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  1. #11
    Strongly Ambivalent Ivy's Avatar
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    Quote Originally Posted by Samuel De Mazarin View Post
    Maybe you could try not to project your own insecurities onto other people. I don't feel superior at all, particularly in regard to my own views. I'm raising some questions and am interested in what other people think, because their views could alter my own. Just because I put some effort into my post doesn't mean I think I'm better than anyone else. I just wrote "the response is overwhelming" because there weren't any responses to my latest post.

    Also, I think I'd get better responses if you didn't post. What's the point of decrying someone's thread as 'boring'. Just don't post if the topic doesn't interest you.

    Lastly, I was having some fun talking about the lack of responses. Most of the time, people are very quick to post on practically any subject matter on this forum, regardless of its complexity or depth. I wasn't 'really' complaining. There's an element of sarcasm involved. Maybe it's my fault for not putting <sarcasm> up there, or are light-hearted quips no longer kosher according to some Madmins?


    I didn't decry your thread as boring and I'm sorry you interpreted it that way. I started to type out a longer response with examples regarding MTV's Asian programming, then my wikipedia poking revealed that my examples didn't really back up what I was trying to say, so I ended up typing only that one sentence which was boring.

    This IS an interesting topic and I'm currently brewing up a response in depth, but your "gosh, only CC really gets what I'm saying here" (not true, I get it, it just takes me a little longer to articulate myself sometimes) is discouraging. Sometimes you have to wait longer than a few hours to get a good response.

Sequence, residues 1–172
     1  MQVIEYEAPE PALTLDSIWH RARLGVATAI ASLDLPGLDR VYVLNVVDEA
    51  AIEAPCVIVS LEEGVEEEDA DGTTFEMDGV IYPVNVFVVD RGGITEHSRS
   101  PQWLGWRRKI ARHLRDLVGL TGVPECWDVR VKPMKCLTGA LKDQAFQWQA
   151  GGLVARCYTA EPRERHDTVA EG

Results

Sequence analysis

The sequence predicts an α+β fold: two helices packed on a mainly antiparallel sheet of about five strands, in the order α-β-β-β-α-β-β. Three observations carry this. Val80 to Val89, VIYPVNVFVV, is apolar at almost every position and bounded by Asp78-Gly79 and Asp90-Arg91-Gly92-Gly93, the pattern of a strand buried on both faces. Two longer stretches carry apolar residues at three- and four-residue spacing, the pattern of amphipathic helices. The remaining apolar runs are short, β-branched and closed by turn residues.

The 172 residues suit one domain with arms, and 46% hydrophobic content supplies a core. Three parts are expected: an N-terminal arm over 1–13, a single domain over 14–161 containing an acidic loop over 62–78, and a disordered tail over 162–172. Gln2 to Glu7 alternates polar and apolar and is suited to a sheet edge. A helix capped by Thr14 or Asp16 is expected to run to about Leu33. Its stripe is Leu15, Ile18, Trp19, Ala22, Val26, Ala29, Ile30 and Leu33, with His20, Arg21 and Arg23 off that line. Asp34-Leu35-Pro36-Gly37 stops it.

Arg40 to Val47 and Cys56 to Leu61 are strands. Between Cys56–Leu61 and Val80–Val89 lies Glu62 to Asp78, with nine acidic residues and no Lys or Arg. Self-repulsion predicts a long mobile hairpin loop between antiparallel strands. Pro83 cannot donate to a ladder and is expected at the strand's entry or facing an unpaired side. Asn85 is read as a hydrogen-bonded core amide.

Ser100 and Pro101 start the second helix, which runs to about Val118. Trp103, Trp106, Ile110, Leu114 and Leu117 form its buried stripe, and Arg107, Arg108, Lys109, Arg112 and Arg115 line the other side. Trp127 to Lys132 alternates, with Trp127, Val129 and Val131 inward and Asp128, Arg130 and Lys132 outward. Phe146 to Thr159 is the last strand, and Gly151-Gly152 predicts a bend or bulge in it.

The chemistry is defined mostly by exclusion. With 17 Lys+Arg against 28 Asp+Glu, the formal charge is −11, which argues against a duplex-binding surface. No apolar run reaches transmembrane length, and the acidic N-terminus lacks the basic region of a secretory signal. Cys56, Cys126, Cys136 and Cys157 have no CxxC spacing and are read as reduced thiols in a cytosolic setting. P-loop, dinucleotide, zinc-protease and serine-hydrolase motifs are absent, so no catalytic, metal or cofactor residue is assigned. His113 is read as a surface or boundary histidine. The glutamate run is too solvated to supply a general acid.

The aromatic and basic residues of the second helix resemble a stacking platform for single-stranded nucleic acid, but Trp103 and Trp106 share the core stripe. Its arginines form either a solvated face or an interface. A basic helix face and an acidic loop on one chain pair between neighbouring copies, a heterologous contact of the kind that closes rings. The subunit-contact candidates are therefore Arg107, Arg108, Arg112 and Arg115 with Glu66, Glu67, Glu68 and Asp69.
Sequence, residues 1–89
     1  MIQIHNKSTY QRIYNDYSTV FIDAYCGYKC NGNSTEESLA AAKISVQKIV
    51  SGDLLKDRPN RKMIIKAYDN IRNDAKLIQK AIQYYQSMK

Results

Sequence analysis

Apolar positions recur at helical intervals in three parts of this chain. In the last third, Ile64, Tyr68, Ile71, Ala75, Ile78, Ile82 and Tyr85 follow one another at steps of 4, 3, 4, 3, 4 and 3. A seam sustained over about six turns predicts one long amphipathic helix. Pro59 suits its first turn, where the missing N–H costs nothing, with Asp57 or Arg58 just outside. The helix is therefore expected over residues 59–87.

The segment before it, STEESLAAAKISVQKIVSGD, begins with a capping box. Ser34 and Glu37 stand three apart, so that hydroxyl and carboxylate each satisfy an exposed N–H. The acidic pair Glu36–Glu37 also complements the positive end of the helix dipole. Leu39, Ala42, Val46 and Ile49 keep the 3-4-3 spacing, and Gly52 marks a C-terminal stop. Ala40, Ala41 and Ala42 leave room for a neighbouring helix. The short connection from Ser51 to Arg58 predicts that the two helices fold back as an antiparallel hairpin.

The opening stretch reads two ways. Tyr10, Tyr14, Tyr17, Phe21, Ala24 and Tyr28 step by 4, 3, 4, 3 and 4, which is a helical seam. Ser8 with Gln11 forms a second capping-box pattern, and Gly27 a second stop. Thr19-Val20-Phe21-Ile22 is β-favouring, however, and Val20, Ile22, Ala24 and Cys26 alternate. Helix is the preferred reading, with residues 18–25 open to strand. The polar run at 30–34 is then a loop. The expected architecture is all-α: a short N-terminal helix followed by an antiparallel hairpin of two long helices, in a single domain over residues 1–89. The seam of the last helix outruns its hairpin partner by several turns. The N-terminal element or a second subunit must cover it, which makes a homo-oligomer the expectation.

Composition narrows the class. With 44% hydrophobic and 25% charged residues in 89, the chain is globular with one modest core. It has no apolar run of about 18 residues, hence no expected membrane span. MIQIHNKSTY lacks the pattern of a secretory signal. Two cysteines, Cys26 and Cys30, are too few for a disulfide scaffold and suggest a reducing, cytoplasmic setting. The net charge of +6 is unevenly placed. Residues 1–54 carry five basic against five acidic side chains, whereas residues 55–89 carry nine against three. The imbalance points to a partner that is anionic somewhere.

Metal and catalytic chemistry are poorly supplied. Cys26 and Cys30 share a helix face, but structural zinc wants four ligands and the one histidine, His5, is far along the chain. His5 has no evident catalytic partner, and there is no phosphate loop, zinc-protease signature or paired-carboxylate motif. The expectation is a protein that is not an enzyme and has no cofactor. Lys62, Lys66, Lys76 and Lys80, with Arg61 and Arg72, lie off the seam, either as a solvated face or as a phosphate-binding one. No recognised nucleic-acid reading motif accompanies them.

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  2. #12
    Free-Rangin' Librarian Jae Rae's Avatar
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    Quote Originally Posted by Samuel De Mazarin View Post
    That's my question. I'll inveigh once people respond...

    Perhaps this is your problem. Inveigh means to protest strongly or attack vehemently with words; to rail against (eg, isolationism).
    Proud Female Rider in Maverick's Bike Club.

  3. #13
    Senior Member edel weiss's Avatar
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    1) What is an Asian 'intensionally', in other words, what is the definition or 'essence' of being Asian? In other words, this is the question asking "WHY" do we call someone an Asian.
    I'd think anyone who lives in Asia is an Asian. But I've noticed that the West has a tendency to refer to the Chinese, Japanese, Koreans. We Indians seem to be left out.

    The essence of being Asian... Gosh, er, non-whites, living in, or from Asia? The problem is that there are different races populating Asia, but we're all still essentially Asian.

    3) Once we've 'understood', according to each poster, or each group of like-minded posters, what Asians are... can we justify using "Asian" as more than a geographical marker, provided the geographical issues are sorted out? Meaning, can we possibly assert an "Asian" culture? Or are there regions in Asia which are so different from each other that the "Asian" culture breaks down upon analysis?
    Yes, there is an 'Asian' culture. Yes, regions are very different from each other. There's an enormous amount of diversity. Taking only India, ('cause that's what I know), nobody really knows the number of languages spoken. Including dialects and tribal languages, there are up to a thousand or more different languages. Compund that with about a hundred different castes, each having their own traditions, and you're in for a potpourri of an area.

    It's complicated. Asia is more a cultural concept incorporating a number of diversified and yet similar regions and peoples than a homogeneous geographical mass.

    Europe would never come in. Most people would never even consider it. Europe is far too different, historically and culturally.